And if all else fails, just throw some cheese on it.


Books by Patrick LeClerc


Immortal Vagabond Healer Series

Book 1

Out of Nowhere by Patrick LeClerc

Sean Danet is immortal—a fact he has cloaked for centuries, behind enemy lines and now a paramedic’s uniform. Having forgotten most of his distant past, he has finally found peace. But there are some things you cannot escape, however much distance you put behind you.

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Book 2

Spitting Image by Patrick LeClerc

Immortal Sean Danet can heal others with a touch. Finally, after too long as a rootless vagabond, he has found a place he feels he belongs, with friends he can trust and the love of an intelligent, beautiful woman. The life he dreamed of but never expected to attain.

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Short Historical Adventures

Advancing on Paris by Patrick LeClerc

One of the problems with being immortal is you get to live through all of history's most famous blunders. Like Napoleon's inspired idea for a land war in Asia. If you love historical military fiction, action and adventure, or just one of the sexiest urban fantasy heroes of all, Advancing on Paris is a must.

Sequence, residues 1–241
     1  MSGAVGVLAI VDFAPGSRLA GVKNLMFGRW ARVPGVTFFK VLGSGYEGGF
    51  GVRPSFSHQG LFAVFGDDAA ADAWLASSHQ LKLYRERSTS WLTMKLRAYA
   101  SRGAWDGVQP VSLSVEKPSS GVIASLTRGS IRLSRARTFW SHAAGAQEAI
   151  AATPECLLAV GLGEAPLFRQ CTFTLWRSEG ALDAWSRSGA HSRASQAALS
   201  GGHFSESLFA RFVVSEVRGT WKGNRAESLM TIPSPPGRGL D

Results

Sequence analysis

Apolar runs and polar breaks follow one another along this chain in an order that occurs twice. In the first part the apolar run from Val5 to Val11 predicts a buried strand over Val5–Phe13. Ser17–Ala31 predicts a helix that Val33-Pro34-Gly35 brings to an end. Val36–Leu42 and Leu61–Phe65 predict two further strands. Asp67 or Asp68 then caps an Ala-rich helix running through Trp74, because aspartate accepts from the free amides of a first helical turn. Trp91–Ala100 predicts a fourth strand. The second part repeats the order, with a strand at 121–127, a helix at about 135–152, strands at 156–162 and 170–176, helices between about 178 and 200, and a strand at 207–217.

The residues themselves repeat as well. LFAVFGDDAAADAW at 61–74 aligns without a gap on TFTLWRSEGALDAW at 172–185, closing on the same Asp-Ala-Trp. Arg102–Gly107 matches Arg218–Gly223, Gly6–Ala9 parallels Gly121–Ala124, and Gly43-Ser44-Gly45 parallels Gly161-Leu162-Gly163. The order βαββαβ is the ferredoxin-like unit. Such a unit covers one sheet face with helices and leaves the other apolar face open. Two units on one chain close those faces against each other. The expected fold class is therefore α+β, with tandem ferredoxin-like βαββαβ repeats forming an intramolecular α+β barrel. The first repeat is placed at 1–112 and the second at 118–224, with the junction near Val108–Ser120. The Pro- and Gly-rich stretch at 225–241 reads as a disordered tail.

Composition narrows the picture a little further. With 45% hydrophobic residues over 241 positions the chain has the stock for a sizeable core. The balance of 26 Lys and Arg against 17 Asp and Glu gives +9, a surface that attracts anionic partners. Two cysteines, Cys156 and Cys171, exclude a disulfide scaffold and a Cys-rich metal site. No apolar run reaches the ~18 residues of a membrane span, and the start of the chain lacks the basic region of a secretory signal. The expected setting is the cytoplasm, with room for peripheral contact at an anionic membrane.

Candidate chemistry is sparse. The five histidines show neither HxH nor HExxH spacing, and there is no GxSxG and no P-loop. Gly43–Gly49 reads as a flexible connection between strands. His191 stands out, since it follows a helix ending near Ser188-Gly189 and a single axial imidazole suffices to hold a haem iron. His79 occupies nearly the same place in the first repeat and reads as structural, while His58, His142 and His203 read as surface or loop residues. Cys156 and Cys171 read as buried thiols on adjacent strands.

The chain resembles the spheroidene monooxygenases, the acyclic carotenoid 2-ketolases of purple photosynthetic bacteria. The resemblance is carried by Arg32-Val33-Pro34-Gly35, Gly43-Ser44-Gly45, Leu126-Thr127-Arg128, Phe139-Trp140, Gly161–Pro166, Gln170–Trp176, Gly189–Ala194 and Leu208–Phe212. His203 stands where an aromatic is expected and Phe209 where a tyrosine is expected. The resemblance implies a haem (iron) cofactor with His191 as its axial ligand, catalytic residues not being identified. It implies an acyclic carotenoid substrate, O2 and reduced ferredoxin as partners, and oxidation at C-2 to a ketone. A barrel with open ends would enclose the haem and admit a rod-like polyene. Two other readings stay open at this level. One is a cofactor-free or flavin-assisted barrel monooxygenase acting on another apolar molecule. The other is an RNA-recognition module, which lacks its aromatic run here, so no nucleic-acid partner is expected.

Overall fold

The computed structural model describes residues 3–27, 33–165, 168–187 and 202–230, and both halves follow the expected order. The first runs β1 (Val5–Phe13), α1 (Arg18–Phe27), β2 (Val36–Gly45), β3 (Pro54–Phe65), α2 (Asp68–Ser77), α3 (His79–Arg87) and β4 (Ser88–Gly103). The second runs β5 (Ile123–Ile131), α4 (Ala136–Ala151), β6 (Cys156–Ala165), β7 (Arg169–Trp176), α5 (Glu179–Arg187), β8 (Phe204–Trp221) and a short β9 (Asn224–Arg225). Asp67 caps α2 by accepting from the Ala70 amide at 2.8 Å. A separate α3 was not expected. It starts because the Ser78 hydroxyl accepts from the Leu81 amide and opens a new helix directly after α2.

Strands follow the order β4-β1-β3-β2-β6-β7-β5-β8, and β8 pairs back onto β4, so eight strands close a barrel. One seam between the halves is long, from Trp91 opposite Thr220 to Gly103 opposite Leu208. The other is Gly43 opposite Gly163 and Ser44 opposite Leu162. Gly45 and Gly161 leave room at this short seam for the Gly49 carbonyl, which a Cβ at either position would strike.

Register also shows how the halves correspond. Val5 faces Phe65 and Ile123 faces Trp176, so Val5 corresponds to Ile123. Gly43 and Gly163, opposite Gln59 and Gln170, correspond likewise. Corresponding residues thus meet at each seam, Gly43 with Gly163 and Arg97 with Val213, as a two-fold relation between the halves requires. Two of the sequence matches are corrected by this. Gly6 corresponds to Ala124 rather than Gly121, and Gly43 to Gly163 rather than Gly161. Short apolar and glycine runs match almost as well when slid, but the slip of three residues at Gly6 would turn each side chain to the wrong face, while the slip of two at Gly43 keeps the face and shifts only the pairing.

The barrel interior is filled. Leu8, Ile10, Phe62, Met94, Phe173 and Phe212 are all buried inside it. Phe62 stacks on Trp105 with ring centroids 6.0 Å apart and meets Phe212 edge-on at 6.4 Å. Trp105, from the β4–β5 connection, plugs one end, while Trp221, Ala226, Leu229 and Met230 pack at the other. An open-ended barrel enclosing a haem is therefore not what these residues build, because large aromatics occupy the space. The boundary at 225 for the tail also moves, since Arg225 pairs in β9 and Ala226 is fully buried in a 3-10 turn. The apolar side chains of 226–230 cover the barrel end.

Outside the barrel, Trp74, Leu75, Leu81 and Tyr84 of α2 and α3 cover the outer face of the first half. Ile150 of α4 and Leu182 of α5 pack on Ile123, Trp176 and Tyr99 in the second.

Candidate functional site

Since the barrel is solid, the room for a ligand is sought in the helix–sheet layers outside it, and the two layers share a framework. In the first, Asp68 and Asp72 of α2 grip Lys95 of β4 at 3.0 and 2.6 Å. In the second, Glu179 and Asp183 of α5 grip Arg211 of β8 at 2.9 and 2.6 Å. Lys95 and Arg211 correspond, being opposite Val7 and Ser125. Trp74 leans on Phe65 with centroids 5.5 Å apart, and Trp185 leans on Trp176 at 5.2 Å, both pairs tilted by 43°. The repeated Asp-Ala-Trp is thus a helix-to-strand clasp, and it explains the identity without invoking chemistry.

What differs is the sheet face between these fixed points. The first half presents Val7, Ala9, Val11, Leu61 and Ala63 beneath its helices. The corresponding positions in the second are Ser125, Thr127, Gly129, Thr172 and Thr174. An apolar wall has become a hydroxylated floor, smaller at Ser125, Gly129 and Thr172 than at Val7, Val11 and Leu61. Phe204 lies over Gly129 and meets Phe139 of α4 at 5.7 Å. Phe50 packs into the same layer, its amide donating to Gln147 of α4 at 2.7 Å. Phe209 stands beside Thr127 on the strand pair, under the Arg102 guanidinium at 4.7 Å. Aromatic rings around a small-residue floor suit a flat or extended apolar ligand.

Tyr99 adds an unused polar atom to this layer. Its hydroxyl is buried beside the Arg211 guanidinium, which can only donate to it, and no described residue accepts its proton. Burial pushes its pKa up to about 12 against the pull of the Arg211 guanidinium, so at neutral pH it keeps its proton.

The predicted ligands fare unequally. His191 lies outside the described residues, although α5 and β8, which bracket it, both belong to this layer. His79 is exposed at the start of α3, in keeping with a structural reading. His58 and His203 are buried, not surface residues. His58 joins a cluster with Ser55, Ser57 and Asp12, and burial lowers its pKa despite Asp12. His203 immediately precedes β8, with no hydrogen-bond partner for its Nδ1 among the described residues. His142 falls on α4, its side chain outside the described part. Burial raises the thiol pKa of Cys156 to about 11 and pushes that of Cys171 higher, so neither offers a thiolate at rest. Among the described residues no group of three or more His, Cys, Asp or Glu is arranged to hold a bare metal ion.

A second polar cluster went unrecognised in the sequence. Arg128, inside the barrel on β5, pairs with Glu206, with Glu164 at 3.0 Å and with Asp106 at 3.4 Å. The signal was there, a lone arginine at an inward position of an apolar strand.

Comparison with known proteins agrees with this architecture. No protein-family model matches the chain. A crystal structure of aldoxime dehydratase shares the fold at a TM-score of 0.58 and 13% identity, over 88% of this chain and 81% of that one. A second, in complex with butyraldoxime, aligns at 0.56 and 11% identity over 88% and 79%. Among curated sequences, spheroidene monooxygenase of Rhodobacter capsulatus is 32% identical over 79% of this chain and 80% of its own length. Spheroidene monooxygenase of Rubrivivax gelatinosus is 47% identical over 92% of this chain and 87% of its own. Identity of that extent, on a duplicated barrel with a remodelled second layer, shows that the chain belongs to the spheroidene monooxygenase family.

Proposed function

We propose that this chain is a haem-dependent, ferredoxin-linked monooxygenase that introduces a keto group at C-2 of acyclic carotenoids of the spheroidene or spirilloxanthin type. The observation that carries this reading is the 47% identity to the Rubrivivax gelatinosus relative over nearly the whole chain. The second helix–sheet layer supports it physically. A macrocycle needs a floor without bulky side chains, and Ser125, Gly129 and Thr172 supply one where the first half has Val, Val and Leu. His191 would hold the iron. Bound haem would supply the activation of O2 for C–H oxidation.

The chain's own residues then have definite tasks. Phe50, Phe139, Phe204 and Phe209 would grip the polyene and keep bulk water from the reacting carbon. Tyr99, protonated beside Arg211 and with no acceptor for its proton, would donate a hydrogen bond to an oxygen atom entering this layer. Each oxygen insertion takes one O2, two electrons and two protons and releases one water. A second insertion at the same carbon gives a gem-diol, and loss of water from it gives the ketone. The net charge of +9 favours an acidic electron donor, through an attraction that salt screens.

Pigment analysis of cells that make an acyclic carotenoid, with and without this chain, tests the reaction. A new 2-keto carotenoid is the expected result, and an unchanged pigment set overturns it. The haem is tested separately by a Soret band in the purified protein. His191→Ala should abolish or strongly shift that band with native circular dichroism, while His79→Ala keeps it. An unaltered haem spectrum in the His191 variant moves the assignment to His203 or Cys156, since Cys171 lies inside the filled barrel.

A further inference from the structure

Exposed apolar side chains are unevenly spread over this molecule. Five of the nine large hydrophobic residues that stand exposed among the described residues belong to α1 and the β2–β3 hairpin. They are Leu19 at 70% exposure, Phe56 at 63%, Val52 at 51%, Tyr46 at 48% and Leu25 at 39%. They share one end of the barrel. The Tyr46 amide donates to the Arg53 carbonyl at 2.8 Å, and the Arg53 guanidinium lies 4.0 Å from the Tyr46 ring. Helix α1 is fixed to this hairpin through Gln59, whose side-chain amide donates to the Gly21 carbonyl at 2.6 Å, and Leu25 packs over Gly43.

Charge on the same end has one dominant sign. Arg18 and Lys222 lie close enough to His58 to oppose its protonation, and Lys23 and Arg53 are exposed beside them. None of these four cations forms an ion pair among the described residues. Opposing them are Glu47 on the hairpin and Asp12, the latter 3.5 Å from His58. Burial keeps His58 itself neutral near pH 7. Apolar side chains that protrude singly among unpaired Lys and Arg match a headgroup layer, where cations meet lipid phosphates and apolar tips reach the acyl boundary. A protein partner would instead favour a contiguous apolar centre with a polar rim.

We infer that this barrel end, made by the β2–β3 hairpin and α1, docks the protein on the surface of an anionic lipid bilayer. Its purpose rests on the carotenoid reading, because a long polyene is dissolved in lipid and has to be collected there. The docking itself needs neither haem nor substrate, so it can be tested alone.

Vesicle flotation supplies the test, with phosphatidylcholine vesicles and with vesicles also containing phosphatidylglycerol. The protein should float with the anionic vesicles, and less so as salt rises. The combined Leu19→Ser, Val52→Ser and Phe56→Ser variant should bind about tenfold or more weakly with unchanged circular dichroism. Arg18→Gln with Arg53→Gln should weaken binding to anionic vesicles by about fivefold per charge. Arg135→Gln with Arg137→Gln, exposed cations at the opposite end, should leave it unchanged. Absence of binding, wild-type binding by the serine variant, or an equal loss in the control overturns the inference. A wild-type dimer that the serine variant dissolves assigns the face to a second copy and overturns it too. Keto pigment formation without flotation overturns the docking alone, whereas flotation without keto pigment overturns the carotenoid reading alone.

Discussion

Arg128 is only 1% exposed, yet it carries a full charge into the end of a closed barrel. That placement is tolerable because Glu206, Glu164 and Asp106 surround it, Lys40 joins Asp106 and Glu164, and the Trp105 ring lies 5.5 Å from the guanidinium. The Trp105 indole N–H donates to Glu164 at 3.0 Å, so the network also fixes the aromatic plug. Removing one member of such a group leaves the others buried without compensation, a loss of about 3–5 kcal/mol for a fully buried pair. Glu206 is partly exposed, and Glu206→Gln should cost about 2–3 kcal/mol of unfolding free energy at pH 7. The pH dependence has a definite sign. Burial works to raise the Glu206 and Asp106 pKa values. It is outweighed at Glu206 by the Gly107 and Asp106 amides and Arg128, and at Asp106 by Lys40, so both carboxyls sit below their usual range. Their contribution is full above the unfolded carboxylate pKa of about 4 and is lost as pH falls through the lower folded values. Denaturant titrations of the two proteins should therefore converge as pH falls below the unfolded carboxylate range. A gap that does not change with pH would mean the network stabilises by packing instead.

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More Great Fiction from Patrick LeClerc


in Every Clime and Place by Patric LeClerc

Semper Fidelis. The motto of the United States Marine Corps. On the ragged edges of civilization, Corporal Michael Collins has lived those words, taking on riots and evacuations, rebels and terrorists. Asteroid belt patrol is just another deployment. Ninety nine percent boredom, one percent terror.

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Broken Crossroads by Patrick LeClerc

The city of Laimrig, once a mighty hub of commerce and a seat of power sinks into corruption and decay. Slavers, crime lords and corrupt officials hold sway while the ruling nobility wallow in decadence. War rages beyond the borders, while within rebellion simmers and sinister plots unfold.